THE MEDIATING ROLE OF INTERPERSONAL SKILLS IN THE RELATIONSHIP BETWEEN DEPRESSIVE SYMPTOMATOLOGY AND DATING VIOLENCE IN YOUNG MOTHERS
M.A. Clinical Psychology
College of Science & Mathematics
Meredith Jones, Ph.D. & D.J. Angelone, Ph.D.
Committee Member 1
Steven Brunwasser, Ph.D.
Committee Member 2
Jonathan Lassiter, Ph.D.
Teenage mothers; Victims of dating violence
Young mothers are an understudied group at high-risk for dating violence (DV) victimization and perpetration. Psychological distress, such as depression, increases young mothers' risk for DV (Thomas et al., 2019). In turn, depressive symptomology is associated with difficulties in interpersonal competence (Jones et al., 2019), which may increase DV risk (Bonache et al., 2017). In addition, young mothers may have few chances to learn the interpersonal skills associated with healthy adult romantic relationships due to a mismatch in developmental level and parenting status (Herrman et al., 2019; Moore et al., 2007). Using interpersonal stress generation theory (Hammen, 1991, 2006), we hypothesized that young mothers (N = 238) with elevated depressive symptomology would report higher rates of DV victimization and perpetration, and that this association would be mediated by self-reported interpersonal competence. We conducted a mediation analysis to examine the average causal mediation and average direct effects. Results demonstrated that interpersonal competency did not mediate the relationship between depressive symptomatology and DV victimization and perpetration. Direct effects were present between depressive symptomatology and DV victimization and perpetration. Although interpersonal competency was not a mediator, both depressive symptomatology and interpersonal competency were independently related to DV. Taken together, these data may inform future DV prevention-interventions for young mothers.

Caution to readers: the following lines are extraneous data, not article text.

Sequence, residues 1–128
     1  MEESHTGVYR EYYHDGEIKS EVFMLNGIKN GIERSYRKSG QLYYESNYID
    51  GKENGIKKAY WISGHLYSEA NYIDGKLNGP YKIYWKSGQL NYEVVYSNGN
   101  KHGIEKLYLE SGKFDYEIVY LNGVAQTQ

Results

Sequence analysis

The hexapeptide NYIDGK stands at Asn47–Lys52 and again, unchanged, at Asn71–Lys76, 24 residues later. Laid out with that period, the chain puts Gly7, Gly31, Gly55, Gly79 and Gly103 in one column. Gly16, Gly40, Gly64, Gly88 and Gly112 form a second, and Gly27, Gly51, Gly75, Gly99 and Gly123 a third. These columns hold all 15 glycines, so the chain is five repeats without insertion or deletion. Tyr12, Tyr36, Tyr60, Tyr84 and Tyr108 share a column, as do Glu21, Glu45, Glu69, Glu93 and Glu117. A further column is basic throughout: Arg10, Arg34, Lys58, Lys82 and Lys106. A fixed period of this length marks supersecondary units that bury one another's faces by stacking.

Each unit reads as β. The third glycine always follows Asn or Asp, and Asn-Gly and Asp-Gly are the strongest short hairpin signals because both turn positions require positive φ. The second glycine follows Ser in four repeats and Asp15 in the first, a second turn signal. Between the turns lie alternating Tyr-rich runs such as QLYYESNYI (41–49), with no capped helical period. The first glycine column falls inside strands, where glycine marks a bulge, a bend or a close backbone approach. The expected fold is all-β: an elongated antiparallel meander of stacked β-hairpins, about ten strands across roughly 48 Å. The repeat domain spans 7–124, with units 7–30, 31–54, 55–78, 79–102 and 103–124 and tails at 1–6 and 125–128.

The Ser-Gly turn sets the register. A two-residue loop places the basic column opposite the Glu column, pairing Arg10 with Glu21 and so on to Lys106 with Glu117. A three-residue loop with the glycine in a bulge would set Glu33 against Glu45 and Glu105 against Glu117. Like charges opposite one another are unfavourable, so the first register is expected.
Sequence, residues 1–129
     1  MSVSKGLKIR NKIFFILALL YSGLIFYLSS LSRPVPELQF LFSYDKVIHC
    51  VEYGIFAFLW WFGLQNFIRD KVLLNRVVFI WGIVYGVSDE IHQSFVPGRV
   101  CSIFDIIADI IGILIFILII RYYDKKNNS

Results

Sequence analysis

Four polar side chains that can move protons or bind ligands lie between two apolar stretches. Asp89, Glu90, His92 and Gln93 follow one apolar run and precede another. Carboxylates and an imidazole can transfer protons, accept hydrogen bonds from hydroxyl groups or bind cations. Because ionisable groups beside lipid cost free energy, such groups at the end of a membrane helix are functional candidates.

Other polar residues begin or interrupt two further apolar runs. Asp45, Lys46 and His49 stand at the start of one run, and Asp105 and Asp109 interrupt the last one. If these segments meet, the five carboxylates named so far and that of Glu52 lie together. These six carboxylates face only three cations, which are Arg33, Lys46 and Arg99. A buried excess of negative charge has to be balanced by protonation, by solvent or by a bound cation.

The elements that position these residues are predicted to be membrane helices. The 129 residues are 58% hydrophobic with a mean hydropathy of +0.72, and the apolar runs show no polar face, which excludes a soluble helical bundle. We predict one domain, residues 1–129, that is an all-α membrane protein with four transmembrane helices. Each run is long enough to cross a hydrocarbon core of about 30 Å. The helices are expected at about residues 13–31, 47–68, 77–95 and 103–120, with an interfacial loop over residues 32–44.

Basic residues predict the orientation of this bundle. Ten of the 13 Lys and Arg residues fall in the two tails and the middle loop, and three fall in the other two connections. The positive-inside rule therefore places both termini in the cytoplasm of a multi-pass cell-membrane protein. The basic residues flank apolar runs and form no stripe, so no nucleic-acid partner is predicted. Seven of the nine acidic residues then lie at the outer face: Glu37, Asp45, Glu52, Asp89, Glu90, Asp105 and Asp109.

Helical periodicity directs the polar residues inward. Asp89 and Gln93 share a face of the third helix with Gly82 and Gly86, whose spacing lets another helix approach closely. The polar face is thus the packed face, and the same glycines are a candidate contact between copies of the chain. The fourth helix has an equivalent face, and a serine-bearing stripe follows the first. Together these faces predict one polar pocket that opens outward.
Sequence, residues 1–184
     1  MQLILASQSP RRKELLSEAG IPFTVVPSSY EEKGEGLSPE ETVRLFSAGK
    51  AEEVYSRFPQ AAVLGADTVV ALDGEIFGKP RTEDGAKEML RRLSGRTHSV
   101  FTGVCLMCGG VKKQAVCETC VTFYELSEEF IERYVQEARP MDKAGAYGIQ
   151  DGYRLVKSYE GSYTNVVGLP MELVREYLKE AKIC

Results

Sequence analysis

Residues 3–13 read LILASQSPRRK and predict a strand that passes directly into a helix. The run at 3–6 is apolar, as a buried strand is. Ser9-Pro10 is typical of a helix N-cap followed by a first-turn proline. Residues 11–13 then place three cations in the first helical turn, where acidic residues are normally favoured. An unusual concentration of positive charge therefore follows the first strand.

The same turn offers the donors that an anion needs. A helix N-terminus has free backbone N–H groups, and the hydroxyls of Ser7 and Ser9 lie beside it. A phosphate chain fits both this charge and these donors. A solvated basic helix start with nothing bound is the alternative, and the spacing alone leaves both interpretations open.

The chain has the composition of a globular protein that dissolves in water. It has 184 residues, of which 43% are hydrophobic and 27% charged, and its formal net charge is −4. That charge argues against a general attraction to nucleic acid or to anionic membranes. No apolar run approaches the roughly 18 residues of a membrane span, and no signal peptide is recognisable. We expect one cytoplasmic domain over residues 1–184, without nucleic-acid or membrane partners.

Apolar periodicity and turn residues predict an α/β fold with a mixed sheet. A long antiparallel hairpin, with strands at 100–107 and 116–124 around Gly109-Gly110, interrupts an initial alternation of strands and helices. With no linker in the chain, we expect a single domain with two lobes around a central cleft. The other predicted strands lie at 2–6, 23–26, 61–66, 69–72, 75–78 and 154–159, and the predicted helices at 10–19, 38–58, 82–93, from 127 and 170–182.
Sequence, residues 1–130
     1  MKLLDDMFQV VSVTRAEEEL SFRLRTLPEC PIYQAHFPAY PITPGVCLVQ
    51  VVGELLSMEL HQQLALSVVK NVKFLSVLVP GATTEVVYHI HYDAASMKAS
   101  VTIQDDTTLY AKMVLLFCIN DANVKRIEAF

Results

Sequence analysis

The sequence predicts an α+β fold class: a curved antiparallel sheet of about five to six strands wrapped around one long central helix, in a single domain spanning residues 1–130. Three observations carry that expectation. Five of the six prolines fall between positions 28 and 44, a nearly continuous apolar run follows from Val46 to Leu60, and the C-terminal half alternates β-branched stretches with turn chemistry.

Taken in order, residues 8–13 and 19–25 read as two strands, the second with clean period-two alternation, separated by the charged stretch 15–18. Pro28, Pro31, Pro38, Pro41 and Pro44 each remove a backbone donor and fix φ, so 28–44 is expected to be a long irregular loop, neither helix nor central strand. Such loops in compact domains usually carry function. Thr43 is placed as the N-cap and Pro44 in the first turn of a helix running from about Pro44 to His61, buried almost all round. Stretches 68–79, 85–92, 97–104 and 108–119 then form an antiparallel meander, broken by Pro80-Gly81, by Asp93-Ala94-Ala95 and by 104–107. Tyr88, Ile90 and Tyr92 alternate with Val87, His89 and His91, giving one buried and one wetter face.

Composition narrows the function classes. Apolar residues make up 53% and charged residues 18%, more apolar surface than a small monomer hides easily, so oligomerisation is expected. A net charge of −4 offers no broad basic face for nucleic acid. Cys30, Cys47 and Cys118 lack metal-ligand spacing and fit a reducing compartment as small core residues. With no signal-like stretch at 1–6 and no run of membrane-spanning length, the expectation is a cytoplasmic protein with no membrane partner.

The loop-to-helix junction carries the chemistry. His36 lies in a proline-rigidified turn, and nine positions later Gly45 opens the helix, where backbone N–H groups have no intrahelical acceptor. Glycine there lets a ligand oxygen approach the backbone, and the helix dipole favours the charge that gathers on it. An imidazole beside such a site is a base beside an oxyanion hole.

Wallace, Lauren Catherine, "THE MEDIATING ROLE OF INTERPERSONAL SKILLS IN THE RELATIONSHIP BETWEEN DEPRESSIVE SYMPTOMATOLOGY AND DATING VIOLENCE IN YOUNG MOTHERS" (2021). Theses and Dissertations. 2938.